If you aspire to be or are one of the 30 million people in America who play recreational tennis, then you might have already snagged one of the stellar daily racket deals we've listed from Holabird Sports. But, while a quality racket is likely to be your single most important and most expensive purchase, you'll still need to buy some additional gear before you can hit the courts. With our savvy picks below for the top five things you'll need to get started, you can properly prep for tennis and still save at least $46.
1. The Shoes
Most people already own some sort of running shoe or sneaker, but an aspiring tennis player should consider getting a pair specifically made for the sport. Unlike the forward motion of running, tennis requires abrupt side-to-side movement that puts a lot of stress on the poor ankle. Thus, tennis shoes generally provide greater support and stability. Both the Reebok Men's Pure Victory II Tennis Shoes and the Reebok Women's Passing Shot V Tennis Shoes will do your body good because, with proper support at your feet, you can help prevent other body aches and pains down the line.
Price: Men's shoes, $45.49 via this coupon + free shipping; Women's shoes in Purple
for $30.25 + free shipping
2. The Apparel
It's easy to be drawn to the sleek clothing styles endorsed and worn by the pros, but you don't need a pricey polo stamped with Roger Federer's insignia to effectively play tennis. However, something simple that you do need, but don't always find on standard workout gear, is pockets. Instead of repeatedly walking on and off court in search of a second ball after a botched serve, pull one from the pockets of the Danskin Women's Pork Chop Pocket Shorts or the Nike Men's Twill Pull-On Tennis Shorts. (Or, search the Nike Clearance Sale for other pocketed options.) It may seem like a trivial concern, but your impatient partner will thank you.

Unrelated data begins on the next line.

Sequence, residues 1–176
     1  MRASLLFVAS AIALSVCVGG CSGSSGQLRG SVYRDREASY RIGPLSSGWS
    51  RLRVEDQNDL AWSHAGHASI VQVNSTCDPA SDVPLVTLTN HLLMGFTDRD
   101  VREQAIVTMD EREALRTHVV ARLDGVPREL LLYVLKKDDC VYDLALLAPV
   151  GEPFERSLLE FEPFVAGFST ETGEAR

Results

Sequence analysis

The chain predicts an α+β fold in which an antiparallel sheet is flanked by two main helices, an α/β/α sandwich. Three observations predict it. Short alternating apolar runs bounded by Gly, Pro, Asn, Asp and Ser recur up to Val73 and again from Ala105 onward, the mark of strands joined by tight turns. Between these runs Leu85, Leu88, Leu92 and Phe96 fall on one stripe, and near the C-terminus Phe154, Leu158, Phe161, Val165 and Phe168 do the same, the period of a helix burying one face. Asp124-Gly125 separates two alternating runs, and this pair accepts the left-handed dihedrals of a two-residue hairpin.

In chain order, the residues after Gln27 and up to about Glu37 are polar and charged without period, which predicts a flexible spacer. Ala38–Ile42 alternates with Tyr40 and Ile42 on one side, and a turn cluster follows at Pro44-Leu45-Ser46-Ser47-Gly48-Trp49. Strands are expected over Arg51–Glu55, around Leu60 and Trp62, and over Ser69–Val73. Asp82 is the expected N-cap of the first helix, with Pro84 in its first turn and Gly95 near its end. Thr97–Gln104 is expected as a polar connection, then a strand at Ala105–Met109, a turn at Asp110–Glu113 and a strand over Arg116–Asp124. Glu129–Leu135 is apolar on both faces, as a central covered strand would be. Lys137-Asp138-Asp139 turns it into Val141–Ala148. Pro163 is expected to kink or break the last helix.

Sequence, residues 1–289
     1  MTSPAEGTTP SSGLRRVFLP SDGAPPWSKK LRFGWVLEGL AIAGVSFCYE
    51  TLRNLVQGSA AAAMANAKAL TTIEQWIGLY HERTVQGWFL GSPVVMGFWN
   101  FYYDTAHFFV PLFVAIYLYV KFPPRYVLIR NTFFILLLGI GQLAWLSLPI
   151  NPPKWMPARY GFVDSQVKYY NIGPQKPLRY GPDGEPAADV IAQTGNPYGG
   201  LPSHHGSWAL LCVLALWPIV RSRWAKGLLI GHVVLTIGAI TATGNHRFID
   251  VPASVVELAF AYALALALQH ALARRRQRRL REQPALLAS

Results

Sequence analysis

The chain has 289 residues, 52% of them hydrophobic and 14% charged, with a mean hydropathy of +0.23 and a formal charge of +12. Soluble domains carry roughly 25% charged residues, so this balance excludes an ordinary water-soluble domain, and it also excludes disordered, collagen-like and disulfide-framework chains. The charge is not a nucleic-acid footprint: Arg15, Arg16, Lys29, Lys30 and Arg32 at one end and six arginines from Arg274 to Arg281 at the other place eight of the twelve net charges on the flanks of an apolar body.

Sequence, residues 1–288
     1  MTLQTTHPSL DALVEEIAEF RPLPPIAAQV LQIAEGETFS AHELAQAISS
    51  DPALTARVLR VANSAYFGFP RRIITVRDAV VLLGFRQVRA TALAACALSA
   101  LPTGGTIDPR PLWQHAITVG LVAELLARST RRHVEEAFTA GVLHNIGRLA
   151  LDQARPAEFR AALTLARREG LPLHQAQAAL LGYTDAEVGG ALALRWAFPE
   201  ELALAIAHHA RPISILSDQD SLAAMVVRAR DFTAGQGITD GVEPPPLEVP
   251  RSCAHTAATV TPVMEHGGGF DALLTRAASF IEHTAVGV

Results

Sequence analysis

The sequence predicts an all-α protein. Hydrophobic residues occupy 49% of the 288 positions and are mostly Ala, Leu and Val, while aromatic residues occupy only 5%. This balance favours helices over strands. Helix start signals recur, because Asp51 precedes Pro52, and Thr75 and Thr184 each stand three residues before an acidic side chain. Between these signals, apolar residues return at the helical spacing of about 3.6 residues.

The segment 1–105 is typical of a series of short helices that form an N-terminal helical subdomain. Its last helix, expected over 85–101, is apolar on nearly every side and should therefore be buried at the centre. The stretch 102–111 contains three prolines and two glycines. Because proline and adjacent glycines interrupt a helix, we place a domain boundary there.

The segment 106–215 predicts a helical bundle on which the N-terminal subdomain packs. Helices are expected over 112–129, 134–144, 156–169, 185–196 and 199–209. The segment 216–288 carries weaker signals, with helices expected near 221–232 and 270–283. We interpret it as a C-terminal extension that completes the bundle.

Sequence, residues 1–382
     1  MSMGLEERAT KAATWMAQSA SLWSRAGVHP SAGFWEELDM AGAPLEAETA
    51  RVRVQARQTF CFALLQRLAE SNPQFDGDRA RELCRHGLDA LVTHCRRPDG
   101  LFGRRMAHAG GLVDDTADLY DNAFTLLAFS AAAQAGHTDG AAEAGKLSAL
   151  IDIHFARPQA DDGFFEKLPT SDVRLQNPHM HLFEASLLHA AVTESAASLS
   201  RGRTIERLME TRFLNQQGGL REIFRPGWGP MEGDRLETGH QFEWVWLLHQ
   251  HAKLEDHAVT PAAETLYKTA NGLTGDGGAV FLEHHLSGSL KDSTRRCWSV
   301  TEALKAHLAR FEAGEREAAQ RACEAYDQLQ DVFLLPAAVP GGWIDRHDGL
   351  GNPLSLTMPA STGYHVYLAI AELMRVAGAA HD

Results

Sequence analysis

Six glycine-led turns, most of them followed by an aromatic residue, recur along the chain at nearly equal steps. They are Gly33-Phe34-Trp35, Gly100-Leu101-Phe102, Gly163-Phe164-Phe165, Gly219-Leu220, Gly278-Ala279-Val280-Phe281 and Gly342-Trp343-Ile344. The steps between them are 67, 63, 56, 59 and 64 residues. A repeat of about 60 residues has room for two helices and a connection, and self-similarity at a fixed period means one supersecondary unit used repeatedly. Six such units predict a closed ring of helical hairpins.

Price: Women's shorts, $14.39 via this coupon + $5.95 s&h; Men's shorts, $19.97 + $8 s&h
3. The Balls
On the surface, tennis balls don't seem inherently expensive; a single can only costs about $3 to $4 in most stores. But the second you pop that vacuum seal, tennis balls slowly degrade, and (depending on how frequently and intensely you play) they can become unusable after a few weeks. But if you can adapt to a heavier ball that bounces less, then pressureless balls are a money-saving alternative because they last longer. Snag this Unique Pressureless Ball 18-Count Bag and you'll be set until the felt wears off.
Price: $14.86 + $2.97 s&h, or free Site-to-Store
4. The Bag
The tennis racket is a deceptively large and awkwardly shaped item, so it's generally best to get a bag that's meant to contain it. Lots of traditional racket bags hold three to 12 sticks, but that isn't necessary for most recreational players. Instead, opt for a racket backpack like the Wilson Pro Staff Backpack. It features ample storage and a dedicated racket compartment. Plus, it's one of the cheapest such bags we could find.
Price: $29.95 + $5.75 s&h
5. The Extras
There are a wealth of smaller accessories you could spring for — for example, a vibration dampener or a visor — but if you're outside in direct sunlight, you can't avoid stocking up on sunscreen. If you've seen pro players neurotically dry and blow on their hands between points, however, then you probably recognize the benefit to keeping your hands grease-free. With the Coppertone Sport Continuous Spray SPF 30 Twin Pack, you'll avoid an embarrassing little mishap like this.
Price: $14.99 + $2.99 s&h
Total cost: $122 to $145
Total savings: At least $46